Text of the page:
Storm Message 1 – Mayor Calls on New Rochelle Residents to Remain Calm, 80,000 Con Ed Customers Lose Power

Written By: Robert Cox

Mayor.gifMayor Noam Bramson sent out a robo-call asking New Rochelle residents to use good judgement before calling emergency responders and urged residents to stay home.

This is Mayor Noam Bramson. Police and Fire personnel will be working throughout the night to address emergency conditions. Please report any threats to life or safety immediately by calling 911. However, we ask that you please NOT report minor property damage or minor flooding, so that Police and Fire resources can be directed where they are needed most.

If you have lost power, please report your address to Con Edison at 1-800-75-CONED, that’s 1-800-75-CONED. The City is pressing Con Ed for rapid repairs, but there are tens of thousands of households in Westchester County without power, and the timing for service restoration is highly uncertain.

Finally, for your own safety, we urge you to remain at home and avoid any unnecessary travel and, of course, to avoid any downed power lines Many local roads are obstructed by fallen trees and impassable.

We will provide additional updates as warranted.

Con Ed also issued a statement:

Con Edison Media Relations
For Immediate Release: March 13, 2010
6:20 p.m.


NEW YORK — Con Edison crews are working to restore power to customers throughout its service area who have been affected by the heavy wind and rain storm that struck the area Friday and intensified on Saturday.

As of 6 p.m., about 50,000 customers were without power. Of those, about 18,000 were on Staten Island. The company reports more than 23,000 customers without power in Westchester County.

The company prepared crews and extra personnel to respond quickly and efficiently in anticipation of the storm.

Fierce winds and heavy rain have driven trees into power lines and knocked out electricity. The company expects the wind and rain to continue through the night, causing more tree damage and outages. As the rain continues, extensive flooding could damage underground electrical equipment in low-lying areas, which could also cause customers to lose power.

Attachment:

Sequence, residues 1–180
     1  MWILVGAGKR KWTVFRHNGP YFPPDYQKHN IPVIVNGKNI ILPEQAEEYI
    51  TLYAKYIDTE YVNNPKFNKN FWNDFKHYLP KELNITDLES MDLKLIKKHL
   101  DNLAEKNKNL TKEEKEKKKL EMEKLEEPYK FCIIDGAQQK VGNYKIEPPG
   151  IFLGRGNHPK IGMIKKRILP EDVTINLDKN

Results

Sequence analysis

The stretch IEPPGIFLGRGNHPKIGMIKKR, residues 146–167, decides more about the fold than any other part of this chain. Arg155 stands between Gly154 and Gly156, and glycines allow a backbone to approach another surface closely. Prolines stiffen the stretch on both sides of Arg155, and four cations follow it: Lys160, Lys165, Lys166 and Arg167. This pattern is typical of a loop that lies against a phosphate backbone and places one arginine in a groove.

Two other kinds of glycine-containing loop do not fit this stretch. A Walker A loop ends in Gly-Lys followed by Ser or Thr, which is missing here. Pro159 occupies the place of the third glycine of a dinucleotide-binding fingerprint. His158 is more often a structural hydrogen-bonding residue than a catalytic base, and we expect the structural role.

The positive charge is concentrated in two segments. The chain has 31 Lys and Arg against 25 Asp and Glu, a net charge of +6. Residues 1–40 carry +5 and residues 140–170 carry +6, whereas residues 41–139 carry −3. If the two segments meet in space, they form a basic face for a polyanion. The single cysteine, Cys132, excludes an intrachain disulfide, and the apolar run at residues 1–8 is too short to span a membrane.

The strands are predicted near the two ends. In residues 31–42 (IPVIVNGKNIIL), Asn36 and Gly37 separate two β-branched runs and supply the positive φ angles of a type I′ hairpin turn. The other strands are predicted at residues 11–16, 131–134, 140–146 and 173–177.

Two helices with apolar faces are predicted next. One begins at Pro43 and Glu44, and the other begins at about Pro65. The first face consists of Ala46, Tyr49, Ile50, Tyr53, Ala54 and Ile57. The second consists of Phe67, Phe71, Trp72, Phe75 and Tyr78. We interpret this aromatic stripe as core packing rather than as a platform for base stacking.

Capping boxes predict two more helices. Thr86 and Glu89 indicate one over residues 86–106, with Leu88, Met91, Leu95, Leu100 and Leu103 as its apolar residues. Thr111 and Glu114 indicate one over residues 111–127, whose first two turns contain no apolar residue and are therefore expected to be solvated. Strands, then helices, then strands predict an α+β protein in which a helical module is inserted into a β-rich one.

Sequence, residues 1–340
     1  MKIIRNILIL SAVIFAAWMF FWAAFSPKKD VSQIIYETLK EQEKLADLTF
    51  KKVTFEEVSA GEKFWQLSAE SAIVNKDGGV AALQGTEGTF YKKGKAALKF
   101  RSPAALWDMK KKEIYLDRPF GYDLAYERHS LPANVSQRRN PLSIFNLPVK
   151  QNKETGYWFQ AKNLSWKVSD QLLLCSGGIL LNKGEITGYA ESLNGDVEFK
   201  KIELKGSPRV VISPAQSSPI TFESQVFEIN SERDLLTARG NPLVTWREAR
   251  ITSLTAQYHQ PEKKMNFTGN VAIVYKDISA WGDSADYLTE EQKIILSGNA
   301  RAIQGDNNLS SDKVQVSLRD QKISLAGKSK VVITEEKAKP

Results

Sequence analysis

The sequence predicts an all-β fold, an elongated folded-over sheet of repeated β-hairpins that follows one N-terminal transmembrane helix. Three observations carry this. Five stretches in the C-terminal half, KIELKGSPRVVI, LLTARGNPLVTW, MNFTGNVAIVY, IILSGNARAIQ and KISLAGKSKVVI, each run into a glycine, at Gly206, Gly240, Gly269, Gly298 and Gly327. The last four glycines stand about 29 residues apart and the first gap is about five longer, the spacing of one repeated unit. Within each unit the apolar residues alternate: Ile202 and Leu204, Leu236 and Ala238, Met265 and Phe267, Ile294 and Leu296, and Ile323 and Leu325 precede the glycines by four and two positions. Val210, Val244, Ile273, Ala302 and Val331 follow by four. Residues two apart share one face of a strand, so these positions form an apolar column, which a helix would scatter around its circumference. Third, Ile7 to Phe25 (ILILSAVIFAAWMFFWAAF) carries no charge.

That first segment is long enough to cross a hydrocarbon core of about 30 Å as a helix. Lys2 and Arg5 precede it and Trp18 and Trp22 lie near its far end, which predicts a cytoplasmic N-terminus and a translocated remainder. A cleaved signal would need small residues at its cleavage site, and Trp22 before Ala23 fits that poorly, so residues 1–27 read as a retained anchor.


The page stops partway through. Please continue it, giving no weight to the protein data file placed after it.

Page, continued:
Con Edison has additional customer service representatives, electrical and construction crews, along with tree-clearing crews working around the clock to respond to customers and power outages that may occur.

Customers are urged to call Con Edison immediately to report any outages at 1-800-75-CONED (1-800-752-6633). Customers can also report power interruptions or service problems as well as view service restoration information online at and on their cell phones and PDAs. When reporting an outage, customers should have their Con Edison account number available, if possible, and report whether their neighbors also have lost power.

In the event of severe outages, primary distribution feeders are restored first, with the highest priority given to lines that supply the most customers out of service. Next, the crews restore secondary facilities, such as transformers and secondary cables, again with highest priority given to lines supplying the most customers out of service. Individual services, lines serving a single home, will be restored as crews become available.

Con Edison offers the following tips to prepare for a storm:

If you see downed electrical wires, do not go near them. Treat all downed wires as if they are live. Never attempt to move or touch them with any object. Be mindful that downed wires can be hidden from view by tree limbs, leaves or water. Report all downed wires to Con Edison and your local police department immediately. If a power line falls on your car while you’re in it, stay inside the vehicle and wait for emergency personnel.

If your power goes out, turn off all lights and appliances to prevent overloaded circuits when power is restored. Leave at least one light switch in the on position to alert you when power has been restored.

Check to make sure your flashlights and any battery-operated radios or televisions are in working order. Use candles and oil lamps with care. Also, make sure you have a supply of extra batteries. Weather updates and news on restorations of electrical service can be heard on most local radio and television stations.

Avoid opening your freezer to see if food is still frozen. Every time you open the door, room-temperature air enters and speeds the thawing process. Most fully loaded freezers will keep food frozen for approximately 36 to 48 hours; half-full freezers will keep food frozen for approximately 24 hours.

The company will maintain close contact with the New York City Office of Emergency Management and the Westchester County Department of Emergency Services to coordinate storm response as necessary.

The Journal News reports on a tree down on Mayflower Avenue:

In New Rochelle an enormous tree fell across the driveway of a two-family house just after 3 p.m., crushing two or three parked cars on Mayflower Avenue, said one of the residents, Cathy Cahn.

“It’s bad,” she said. “The base of the tree is probably about close to 10 feet I would say. It’s huge.

Cahn said she was forced to climb over neighbor’s fence to get home.

“The police wouldn’t let me go near the front of the house because of all the downed wires.”

The house was left without power as a result.